Rhodes festivals and events include those celebrated throughout Greece like Easter and Greek Independence Day, and others that are unique to the island.
January 6 – Epiphany
A service is held in the Cathedral of St John the Evangelist in Rhodes Town. There’s also the blessing of the sea water at Mandraki Harbour, when a priest throws a crucifix into the water and youngsters dive in for the honour of retrieving it.
During the weeks before the beginning of Lent, various carnivals are staged on Rhodes. On the Sunday before Lent there are carnival processions and fancy dress in Rhodes Old Town, and also in Archangelos, Appolona, Afantou, Ialyssos, and Kameiros Skala.
The following day is called Kathari Deftera, meaning Clean Monday, and is when families and friends head for the countryside and beaches to picnic and to fly kites.
March 7 - Dodecanese Reunification Day
People all over the Dodecanese celebrate the reunification with Greece in 1947. There’s a parade in Rhodes Town and also theatre performances.
March 25 – Greek Independence Day
Widely celebrated throughout the whole country, of course, and it’s a good day to be in Rhodes Town.
This is the most important festival of the Greek Orthodox Church. Expect explosive firecrackers over Easter weekend. Symi has its own very characteristic celebrations, which you can read about on our page, Easter on Symi. Note that Greek Easter only occasionally coincides with western Easter dates.
Easter is the major festival of the religious year. On Good Friday evening the church ceremonies begin in town and village, both inside the churches and outside as solemn processions move through the streets.
On Holy Saturday night the most powerful ceremony takes place and culminates with great bursts of fireworks in the streets as Christ is declared ‘risen’. People flow from the churches bearing lit candles which they try to keep alight until they reach home.
There are early breakfast feasts on Sunday morning and then general feasting throughout the day. Churches are always packed but people gather outside as well. Remember to dress appropriately if you attend a church service. You can read about a personal experience of being on Rhodes at Easter on our page, Easter on Rhodes.
May 1 – May Day
There are country picnics and garlands of flowers are brought back to decorate people’s doorways and balconies.
June 24 – The Feast of St John the Baptist
Bonfires and parties take place all over the island.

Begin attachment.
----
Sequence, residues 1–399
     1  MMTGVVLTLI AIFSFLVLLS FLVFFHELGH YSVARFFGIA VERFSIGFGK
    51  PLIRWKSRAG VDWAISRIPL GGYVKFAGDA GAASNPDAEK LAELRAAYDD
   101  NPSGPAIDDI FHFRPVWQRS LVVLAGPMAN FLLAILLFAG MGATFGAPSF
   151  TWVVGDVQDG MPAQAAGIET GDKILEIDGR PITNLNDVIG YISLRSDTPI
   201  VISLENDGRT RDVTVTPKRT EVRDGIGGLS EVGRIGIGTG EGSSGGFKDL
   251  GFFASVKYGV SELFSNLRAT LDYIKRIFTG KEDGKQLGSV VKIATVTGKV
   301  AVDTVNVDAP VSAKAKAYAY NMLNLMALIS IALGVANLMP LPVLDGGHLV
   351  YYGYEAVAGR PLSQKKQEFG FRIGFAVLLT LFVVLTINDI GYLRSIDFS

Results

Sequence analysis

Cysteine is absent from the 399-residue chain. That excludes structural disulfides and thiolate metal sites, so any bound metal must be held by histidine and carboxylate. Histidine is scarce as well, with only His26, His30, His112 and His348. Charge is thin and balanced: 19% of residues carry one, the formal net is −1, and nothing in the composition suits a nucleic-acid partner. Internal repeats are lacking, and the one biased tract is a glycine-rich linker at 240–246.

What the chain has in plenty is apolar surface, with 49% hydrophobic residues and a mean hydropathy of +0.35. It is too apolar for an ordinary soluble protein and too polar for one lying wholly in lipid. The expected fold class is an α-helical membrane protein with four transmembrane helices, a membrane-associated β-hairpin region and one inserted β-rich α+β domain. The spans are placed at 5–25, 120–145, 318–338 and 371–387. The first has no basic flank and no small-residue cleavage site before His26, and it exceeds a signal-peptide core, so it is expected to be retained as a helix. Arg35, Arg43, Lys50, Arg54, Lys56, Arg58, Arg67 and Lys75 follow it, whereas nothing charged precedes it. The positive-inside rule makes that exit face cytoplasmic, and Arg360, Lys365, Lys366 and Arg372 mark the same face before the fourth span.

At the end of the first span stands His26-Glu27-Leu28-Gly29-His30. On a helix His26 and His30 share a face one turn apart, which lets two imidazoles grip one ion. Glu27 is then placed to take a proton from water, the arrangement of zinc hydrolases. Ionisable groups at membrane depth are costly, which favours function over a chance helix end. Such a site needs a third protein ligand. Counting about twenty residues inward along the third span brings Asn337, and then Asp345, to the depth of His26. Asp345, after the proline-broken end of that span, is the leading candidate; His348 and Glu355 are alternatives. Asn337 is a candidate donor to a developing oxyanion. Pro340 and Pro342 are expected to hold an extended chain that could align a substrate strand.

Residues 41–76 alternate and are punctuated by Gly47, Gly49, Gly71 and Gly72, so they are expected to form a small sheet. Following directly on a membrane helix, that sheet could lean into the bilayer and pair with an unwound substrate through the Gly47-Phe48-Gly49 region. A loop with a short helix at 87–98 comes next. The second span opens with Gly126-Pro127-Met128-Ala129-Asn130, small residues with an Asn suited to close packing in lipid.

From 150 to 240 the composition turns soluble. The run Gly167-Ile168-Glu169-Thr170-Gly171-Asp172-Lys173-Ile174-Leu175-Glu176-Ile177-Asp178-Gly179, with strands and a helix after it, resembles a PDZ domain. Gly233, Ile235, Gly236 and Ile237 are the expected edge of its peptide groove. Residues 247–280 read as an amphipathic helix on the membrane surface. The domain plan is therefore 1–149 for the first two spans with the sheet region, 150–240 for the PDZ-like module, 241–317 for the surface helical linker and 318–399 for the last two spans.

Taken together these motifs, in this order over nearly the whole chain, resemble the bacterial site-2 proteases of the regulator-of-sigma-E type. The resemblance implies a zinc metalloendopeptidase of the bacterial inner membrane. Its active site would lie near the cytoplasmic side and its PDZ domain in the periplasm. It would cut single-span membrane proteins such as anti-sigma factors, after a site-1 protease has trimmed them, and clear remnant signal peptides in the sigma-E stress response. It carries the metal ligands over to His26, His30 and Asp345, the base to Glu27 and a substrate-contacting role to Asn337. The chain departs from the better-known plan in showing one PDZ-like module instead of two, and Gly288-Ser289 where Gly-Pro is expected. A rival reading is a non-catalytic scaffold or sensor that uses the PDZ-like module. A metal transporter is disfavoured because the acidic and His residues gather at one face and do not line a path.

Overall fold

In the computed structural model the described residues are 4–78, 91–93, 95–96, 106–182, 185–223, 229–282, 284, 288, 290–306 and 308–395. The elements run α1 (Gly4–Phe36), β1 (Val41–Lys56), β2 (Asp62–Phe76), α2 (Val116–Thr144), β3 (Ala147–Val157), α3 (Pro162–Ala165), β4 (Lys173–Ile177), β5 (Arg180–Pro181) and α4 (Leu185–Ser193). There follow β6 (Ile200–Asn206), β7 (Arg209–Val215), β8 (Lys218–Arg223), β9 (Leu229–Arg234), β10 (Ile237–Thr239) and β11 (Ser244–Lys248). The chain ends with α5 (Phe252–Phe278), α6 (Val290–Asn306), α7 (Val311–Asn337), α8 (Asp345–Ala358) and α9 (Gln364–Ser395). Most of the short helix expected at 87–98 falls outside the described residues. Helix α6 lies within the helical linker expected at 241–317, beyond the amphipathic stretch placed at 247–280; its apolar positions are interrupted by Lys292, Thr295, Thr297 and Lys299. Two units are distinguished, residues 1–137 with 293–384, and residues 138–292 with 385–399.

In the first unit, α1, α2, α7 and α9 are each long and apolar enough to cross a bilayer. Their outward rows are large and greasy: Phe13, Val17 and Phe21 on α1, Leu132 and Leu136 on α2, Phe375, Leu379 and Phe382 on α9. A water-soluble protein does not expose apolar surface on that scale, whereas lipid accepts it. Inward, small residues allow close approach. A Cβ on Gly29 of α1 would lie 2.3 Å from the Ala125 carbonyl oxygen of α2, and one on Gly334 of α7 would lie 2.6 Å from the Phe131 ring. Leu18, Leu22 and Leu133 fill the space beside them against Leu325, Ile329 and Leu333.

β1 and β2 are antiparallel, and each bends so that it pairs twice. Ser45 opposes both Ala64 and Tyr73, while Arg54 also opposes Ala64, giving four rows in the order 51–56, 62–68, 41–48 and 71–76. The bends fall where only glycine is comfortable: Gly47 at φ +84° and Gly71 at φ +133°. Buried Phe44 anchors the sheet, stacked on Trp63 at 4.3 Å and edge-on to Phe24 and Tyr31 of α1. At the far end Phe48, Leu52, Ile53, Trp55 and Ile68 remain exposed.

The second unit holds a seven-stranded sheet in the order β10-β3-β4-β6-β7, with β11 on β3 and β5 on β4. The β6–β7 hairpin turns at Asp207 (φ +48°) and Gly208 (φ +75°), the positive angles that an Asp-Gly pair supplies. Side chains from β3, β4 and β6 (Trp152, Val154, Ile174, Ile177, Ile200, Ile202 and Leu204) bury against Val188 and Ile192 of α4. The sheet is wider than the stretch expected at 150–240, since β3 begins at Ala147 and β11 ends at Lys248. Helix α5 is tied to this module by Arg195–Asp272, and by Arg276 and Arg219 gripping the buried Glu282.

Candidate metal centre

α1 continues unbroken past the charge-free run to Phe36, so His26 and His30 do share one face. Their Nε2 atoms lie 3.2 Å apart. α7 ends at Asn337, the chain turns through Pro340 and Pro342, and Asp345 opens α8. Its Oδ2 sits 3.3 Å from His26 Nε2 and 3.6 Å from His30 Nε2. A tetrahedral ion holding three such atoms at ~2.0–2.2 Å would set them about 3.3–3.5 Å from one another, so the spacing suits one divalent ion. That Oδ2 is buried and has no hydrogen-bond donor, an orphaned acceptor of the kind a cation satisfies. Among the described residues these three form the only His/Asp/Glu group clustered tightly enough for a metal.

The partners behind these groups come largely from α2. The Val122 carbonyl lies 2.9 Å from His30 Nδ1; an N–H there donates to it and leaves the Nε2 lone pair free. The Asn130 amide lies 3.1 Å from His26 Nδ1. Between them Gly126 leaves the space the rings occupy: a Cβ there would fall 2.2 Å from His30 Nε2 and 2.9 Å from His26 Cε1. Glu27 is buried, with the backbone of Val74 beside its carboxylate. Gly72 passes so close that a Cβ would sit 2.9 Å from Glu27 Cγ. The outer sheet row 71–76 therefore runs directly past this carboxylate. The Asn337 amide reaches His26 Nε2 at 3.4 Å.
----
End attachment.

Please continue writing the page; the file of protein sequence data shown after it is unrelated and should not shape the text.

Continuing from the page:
First week of July – Naval Week
On Rhodes this week there are concerts, fireworks, and boat races.
July 20 – The Feast of Profitis Ilias
Large numbers of people assemble at the mountain of Profitis Ilias to celebrate the feast day of the Prophet Elijah.
There are lively celebrations at the village of Soroni in honour of St Paul.
There are dance festivals at various villages throughout this month.
A religious festival on the nearby island of Halki sees; traditional mock battles, with the throwing of flour and eggs (so don’t dress smartly!) The ferry from Rhodes to Halki takes about 90 minutes but you may need to stay overnight so make sure you’ve got accommodation booked in advance.
August 15 – Assumption (Dormition) of the Blessed Virgin Mary
This is a very important week-long festival, during which many Greeks return to their native island and village. If planning to visit Greece around this time make sure you have your transport and accommodation booked well ahead.
September 8 – The Birth of the Virgin
This is widely celebrated throughout Greece but there is a unique event at Tsampika on Rhodes, when women wishing to conceive make a special pilgrimage to the hilltop monastery church.
October 28 – Ochi Day (‘No’ Day)
Patriotic celebration of Greece’s refusal to capitulate to the demands of Mussolini in 1940 that the country should surrender. There are parades, folk dancing, speeches, and general celebrations all over Greece.
November 8 – The Feast of the Archangels Michael and Gabriel
There are religious celebrations and festivities at Archangelos on Rhodes, and at the monastery of Panormitis on the neighbouring island of Symi.
Although it's not as big a feast in Greece as Easter, Christmas is still widely celebrated. You may hear children singing Christmas carols on Christmas Eve, going from house to house and being rewarded with sweets, fruit, or some small change.
Christmas lasts from Christmas Eve to January 6th, the Feast of the Epiphany, and Greeks usually wait till January 1st before exchanging gifts, though some do now do it on Christmas Day.